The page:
4. Di Comite A, Esposito S, Villani A, Stronati M; Italian Pediatric TB Study Group. How to manage neonatal tuberculosis. J Perinatol. 2016 Abstract
  5. Lawrence RA, Lawrence RM. Breastfeeding. A guide for the medical profession. Eighth Edition. Philadelphia: Elsevier; 2016
  6. Baquero-Artigao F, Mellado Peña MJ, del Rosal Rabes T, Noguera Julián A, Goncé Mellgren A, de la Calle Fernández-Miranda M, Navarro Gómez ML; Working Group on gestational, congenital, and postnatal tuberculosis, Spanish Society of Pediatric Infectious Diseases (PFIC). Guía de la Sociedad Española de Infectología Pediátrica sobre tuberculosis en la embarazada y el recién nacido (ii): profilaxis y tratamiento. [Spanish Society for Pediatric Infectious Diseases guidelines on tuberculosis in pregnant women and neonates (ii): Prophylaxis and treatment]. An Pediatr (Barc). 2015 Abstract Full text (link to original source) Full text (in our servers)
  7. Mittal H, Das S, Faridi MM. Management of newborn infant born to mother suffering from tuberculosis: current recommendations & gaps in knowledge. Indian J Med Res. 2014 Abstract Full text (link to original source) Full text (in our servers)
  8. Red Book. Pickering LK, Baker CJ, Kimberlin DW, Long SS, eds. Red Book: 2012 Report of the Committee on Infectious Diseases. 29th ed. Elk Grove Village, Red Book 2012
  9. Singh N, Golani A, Patel Z, Maitra A. Transfer of isoniazid from circulation to breast milk in lactating women on chronic therapy for tuberculosis. Br J Clin Pharmacol. 2008 Abstract Full text (link to original source) Full text (in our servers)
  10. WHO: World Health Organization Stop TB Partnership Childhood TB Subgroup. Chapter 4: childhood contact screening and management. Int J Tuberc Lung Dis. 2007 Abstract Full text (in our servers)
  11. Drobac PC, del Castillo H, Sweetland A, Anca G, Joseph JK, Furin J, Shin S. Treatment of multidrug-resistant tuberculosis during pregnancy: long-term follow-up of 6 children with intrauterine exposure to second-line agents. Clin Infect Dis. 2005 Jun 1;40(11):1689-92. Epub 2005 Apr 18. Abstract Full text (link to original source) Full text (in our servers)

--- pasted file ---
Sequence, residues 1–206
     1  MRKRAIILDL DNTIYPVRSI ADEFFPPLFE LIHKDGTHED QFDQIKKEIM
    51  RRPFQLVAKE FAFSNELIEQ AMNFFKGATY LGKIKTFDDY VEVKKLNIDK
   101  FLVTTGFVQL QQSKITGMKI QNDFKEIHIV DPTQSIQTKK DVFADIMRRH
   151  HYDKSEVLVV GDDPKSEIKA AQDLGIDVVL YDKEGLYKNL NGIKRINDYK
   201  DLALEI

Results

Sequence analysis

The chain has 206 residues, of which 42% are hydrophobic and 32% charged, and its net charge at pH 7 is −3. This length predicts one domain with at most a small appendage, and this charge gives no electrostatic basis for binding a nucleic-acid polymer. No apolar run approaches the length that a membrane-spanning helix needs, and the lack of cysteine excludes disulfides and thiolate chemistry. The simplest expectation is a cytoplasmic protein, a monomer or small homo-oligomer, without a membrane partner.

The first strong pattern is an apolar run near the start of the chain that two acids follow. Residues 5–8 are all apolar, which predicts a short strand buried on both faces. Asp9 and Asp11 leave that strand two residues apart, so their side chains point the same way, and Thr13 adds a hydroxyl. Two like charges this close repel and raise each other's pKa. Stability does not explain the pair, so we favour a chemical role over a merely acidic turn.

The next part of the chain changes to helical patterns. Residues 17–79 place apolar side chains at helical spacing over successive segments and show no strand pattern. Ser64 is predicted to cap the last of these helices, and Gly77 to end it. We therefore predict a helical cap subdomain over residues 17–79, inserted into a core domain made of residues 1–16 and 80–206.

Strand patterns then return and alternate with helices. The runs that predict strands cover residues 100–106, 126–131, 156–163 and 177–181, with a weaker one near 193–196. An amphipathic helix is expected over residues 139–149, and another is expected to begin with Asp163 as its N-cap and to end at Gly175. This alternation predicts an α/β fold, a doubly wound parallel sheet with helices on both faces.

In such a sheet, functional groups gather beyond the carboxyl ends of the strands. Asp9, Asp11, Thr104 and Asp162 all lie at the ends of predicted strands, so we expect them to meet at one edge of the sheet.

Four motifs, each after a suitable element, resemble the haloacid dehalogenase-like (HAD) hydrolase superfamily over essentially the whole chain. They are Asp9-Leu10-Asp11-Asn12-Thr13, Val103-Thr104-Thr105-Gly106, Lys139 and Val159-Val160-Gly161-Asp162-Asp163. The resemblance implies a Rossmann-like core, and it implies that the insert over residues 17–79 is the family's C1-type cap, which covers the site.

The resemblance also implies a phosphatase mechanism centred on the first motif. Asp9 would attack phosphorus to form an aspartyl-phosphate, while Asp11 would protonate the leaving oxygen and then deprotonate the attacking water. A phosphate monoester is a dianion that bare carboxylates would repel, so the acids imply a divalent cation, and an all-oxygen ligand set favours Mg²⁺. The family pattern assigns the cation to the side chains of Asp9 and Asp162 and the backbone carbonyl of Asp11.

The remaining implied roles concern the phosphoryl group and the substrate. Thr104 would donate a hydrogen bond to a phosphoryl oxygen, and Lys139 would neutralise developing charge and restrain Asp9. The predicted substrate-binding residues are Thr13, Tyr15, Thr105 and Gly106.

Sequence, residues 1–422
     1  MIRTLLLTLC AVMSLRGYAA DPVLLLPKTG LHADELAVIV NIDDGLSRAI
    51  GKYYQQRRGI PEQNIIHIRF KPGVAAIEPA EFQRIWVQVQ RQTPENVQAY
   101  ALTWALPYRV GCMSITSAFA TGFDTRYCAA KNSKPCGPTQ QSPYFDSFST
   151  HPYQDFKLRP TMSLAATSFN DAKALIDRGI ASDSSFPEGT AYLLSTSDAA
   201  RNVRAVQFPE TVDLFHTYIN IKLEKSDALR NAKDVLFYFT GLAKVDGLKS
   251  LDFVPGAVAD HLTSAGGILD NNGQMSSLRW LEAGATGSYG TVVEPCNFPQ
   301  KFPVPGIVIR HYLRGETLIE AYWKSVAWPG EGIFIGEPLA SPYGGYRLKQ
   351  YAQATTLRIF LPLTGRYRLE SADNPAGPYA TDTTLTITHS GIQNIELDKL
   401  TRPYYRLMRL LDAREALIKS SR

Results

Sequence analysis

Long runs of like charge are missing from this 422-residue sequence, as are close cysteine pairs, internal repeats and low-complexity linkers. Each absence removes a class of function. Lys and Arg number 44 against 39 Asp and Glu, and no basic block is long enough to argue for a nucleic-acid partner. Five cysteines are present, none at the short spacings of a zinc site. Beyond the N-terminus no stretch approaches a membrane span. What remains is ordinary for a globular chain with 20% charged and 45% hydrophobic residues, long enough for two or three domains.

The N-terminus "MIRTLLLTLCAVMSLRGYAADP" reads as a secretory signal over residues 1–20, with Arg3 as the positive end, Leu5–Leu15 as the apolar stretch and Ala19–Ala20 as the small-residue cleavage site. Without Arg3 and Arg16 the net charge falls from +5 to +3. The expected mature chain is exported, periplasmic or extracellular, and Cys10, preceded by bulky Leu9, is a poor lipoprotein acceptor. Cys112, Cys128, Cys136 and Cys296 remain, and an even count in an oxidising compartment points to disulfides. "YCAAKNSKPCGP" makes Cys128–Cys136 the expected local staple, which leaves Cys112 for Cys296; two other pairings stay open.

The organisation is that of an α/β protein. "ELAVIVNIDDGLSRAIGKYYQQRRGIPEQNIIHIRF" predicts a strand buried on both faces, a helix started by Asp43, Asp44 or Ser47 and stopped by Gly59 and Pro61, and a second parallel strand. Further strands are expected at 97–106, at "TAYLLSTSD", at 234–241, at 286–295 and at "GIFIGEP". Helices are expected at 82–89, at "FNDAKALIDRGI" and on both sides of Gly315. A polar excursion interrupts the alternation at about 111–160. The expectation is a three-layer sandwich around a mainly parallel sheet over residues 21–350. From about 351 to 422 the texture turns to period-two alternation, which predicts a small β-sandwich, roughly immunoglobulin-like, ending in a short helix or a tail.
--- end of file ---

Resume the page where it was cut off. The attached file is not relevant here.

12. Blumberg HM, Burman WJ, Chaisson RE, Daley CL, Etkind SC, Friedman LN, Fujiwara P, Grzemska M, Hopewell PC, Iseman MD, Jasmer RM, Koppaka V, Menzies RI, O'Brien RJ, Reves RR, Reichman LB, Simone PM, Starke JR, Vernon AA; American Thoracic Society, Centers for Disease Control and Prevention and the Infectious Diseases Society. American Thoracic Society/Centers for Disease Control and Prevention/Infectious Diseases Society of America: treatment of tuberculosis. Am J Respir Crit Care Med. 2003 Abstract Full text (link to original source) Full text (in our servers)
  13. ATC (American Thoracic Society); CDC; Infectious Diseases Society of America. Treatment of tuberculosis. MMWR Recomm Rep. 2003 Abstract Full text (link to original source) Full text (in our servers)
  14. WHO / UNICEF. BREASTFEEDING AND MATERNAL MEDICATION Recommendations for Drugs in the Eleventh WHO Model List of Essential Drugs. Department of Child and Adolescent Health and Development (WHO/UNICEF) 2002 Full text (link to original source) Full text (in our servers)
  15. Tran JH, Montakantikul P. The safety of antituberculosis medications during breastfeeding. J Hum Lact. 1998 Dec;14(4):337-40. Review. Abstract
  16. WHO. Breastfeeding and maternal tuberculosis. Division of Child Health and development. 1998 Full text (in our servers)
  17. Dautzenberg B, Grosset J. [Tuberculosis and pregnancy]. Rev Mal Respir. 1988 Abstract
  18. Snider DE Jr, Powell KE. Should women taking antituberculosis drugs breast-feed? Arch Intern Med. 1984 Abstract